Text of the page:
URUMQI, China (Reuters) - China raised the death toll from ethnic rioting in Xinjiang, giving for the first time the ethnicity of the dead, and a big security presence in the city at the center of the strife prevented protests on Saturday.
The official Xinhua news agency said 184 people had died in the July 5 riots in Urumqi, the Xinjiang regional capital, and 137 of those killed were Han Chinese, who form the majority of China’s 1.3 billion population. The previous death toll was 156.
The latest figure included 46 Uighurs, the largely Muslim people of Xinjiang who share cultural bonds with Central Asian peoples. All but one were men. Uighurs, once a sizeable majority in Xinjiang, now make up 46 percent of its 21.3 million people, according to government statistics.
Xinhua said the other person killed in the attacks that erupted last weekend was a member of the Hui ethnic group, which is Muslim but culturally akin to Han Chinese.
The brief report did not say whether any of the dead were killed by security forces.
The reaction on Urumqi streets to the official death toll reflected the deepening ethnic divide in Xinjiang, with Uighurs expressing disbelief in the number.
“That’s the Han people’s number. We have our own number,” said Akumjia, a Uighur resident, as he eyed security forces who had cordoned off a street where there was an outburst of protest near a mosque and then arrests on Friday. A security forces helicopter buzzed overhead.
“Maybe many, many more Uighurs died. The police were scared and lost control.”
Close to where he stood, what appeared to be a spray of bullet holes could be seen on the glass front of a Bank of China office. There were no bullets among the shards. The government has not said what kind of forces suppressed the bloody rioting. Many Uighur residents say they heard or saw gunfire.
Chinese authorities had delayed releasing the ethnic breakdown of the dead, possibly out of concern it would further inflame the situation.
Several Han Chinese residents said distrust of Uighurs was likely to persist.
“Uighurs also died ... But then they blame Han for being so angry about the killing and looting,” said Zhao Hong, a Han resident who said she saw some of the bloodshed from her home window before hiding.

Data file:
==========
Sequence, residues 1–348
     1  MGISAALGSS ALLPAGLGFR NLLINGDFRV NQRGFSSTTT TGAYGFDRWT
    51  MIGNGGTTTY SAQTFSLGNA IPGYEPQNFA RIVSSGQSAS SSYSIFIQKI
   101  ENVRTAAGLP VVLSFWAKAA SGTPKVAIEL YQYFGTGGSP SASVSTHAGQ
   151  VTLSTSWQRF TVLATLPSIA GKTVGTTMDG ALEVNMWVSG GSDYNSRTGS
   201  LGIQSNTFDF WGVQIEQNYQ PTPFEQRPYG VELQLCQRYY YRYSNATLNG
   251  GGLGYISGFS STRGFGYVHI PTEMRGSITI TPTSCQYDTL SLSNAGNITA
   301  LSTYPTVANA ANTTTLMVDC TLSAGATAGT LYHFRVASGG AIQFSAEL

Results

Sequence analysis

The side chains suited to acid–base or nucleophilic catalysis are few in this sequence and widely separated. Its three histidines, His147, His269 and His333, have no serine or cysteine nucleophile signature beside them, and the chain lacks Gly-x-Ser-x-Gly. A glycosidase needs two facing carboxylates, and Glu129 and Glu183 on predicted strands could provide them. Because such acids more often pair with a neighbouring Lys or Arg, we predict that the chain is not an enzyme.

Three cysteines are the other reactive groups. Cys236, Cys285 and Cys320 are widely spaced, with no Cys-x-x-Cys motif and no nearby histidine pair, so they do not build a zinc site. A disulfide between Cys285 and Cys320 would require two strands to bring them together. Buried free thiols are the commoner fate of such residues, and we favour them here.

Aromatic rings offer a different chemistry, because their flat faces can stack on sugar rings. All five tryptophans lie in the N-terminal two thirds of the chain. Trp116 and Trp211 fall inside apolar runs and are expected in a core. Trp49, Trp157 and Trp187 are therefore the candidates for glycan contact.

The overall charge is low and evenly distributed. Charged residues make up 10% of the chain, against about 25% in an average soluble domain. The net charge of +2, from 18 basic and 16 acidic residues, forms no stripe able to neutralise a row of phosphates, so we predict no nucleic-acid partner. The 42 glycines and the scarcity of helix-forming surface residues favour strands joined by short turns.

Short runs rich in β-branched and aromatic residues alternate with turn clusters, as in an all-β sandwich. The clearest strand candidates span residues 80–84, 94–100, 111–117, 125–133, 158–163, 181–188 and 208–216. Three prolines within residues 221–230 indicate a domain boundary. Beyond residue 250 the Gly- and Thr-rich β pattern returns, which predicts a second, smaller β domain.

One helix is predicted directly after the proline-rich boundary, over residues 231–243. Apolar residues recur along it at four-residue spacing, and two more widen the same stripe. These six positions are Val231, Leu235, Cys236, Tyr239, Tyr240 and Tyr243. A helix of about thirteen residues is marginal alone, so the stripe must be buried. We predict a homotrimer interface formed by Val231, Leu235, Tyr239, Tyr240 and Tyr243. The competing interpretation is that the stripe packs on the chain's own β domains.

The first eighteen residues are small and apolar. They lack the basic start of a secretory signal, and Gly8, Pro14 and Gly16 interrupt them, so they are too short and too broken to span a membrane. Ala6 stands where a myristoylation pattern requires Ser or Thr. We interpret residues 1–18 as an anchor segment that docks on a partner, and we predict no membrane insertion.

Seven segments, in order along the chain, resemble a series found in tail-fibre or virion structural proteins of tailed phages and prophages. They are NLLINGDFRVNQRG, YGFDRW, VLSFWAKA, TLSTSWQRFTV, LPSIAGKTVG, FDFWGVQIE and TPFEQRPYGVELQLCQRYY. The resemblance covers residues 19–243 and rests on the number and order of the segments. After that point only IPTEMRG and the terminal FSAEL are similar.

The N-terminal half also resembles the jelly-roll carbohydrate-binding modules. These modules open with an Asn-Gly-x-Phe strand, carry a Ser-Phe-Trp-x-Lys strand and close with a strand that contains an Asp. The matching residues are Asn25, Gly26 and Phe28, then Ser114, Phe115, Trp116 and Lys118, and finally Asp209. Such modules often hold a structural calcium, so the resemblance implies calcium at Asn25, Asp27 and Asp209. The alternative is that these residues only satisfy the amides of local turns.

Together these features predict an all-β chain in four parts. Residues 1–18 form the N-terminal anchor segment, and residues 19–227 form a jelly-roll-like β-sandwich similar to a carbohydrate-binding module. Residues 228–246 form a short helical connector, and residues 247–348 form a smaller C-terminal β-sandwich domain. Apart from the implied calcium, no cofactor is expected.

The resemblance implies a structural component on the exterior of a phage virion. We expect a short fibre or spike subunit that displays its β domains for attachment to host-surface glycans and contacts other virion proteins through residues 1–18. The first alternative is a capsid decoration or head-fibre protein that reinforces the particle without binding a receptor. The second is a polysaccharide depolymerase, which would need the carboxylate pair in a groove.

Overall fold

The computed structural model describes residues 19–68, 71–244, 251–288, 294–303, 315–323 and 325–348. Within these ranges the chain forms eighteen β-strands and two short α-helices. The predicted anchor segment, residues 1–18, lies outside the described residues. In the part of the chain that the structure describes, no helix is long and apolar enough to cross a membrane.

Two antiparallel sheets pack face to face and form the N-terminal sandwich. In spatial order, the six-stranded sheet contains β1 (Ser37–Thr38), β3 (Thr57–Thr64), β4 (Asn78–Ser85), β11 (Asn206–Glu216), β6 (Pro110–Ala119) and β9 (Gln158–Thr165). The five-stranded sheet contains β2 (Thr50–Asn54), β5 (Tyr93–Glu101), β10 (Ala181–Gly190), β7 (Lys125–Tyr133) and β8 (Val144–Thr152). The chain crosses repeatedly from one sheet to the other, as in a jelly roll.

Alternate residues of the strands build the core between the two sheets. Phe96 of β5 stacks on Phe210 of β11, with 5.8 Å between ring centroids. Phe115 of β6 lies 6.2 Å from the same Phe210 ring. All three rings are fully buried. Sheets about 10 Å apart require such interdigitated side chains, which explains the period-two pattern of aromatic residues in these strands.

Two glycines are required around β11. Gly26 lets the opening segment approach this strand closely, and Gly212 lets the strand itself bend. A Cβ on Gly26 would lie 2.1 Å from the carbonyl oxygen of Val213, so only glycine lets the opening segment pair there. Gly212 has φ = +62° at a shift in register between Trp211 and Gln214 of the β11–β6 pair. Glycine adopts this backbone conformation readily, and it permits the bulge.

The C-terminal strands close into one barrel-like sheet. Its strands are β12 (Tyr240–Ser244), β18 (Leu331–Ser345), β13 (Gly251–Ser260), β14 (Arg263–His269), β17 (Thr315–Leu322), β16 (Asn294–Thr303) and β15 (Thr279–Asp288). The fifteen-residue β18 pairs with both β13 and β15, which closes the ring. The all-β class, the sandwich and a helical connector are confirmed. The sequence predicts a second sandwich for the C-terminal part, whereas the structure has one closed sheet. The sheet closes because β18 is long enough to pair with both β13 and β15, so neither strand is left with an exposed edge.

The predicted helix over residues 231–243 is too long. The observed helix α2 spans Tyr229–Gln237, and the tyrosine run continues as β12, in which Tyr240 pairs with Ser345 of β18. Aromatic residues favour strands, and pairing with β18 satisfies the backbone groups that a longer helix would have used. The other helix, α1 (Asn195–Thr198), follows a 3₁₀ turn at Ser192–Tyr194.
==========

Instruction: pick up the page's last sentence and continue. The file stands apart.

Beijing does not want to lose its grip on the vast territory that borders Russia, Mongolia, Kazakhstan, Kyrgyzstan, Tajikistan, Afghanistan, Pakistan and India, has abundant oil reserves and is China’s largest natural gas-producing region.
Zhou Yongkang, the top domestic security official in China’s ruling Communist Party, said the country now had to “vigorously prosecute this tough battle to protect stability in Xinjiang,” the Xinjiang Daily reported on Saturday.
Human Rights Watch said that the government had deployed some 20,000 troops in Urumqi since the July 5 riots, which broke out after security forces broke up a protest over the deaths of Uighur workers in southern China.
The show of force appears to be preventing fresh unrest, and the police have issued a ban on protests and “illegal assembly,” Xinhua said.
“Police will disperse such illegal assemblies according to the law and are entitled to take necessary means if the crowd refuses to disperse,” the report said, without elaborating.
Parts of Urumqi remain tense, especially Uighur neighborhoods, and thousands of troops and police are on guard. There was a brief demonstration on Friday, the main Muslim day of prayer, after some mosques were opened briefly.
On Saturday, anti-riot troops again kept a close watch on Uighur residents, and loudspeakers on vehicles blasted orders that Uighurs should stay at home and accept the government’s line on the unrest. There were no public protests.
Security chief Zhou Yongkang continued his tour of Xinjiang. State television showed him in Kashgar, a restive city in the region’s south, inspecting riot police.
The show of force is likely to prove popular with most Han Chinese, including those in Xinjiang, who believe their government has done much to help Uighurs.
But a few dissenters have issued an online petition urging the government to rethink its policies and to shift from taking some steps to help minorities to giving full rights to all.
A statement (http://truthreconciliation.blog.com) said the petition was launched by three Chinese nationals, one a Uighur.
Additional reporting by Ben Blanchard in Shanghai; editing by Michael Roddy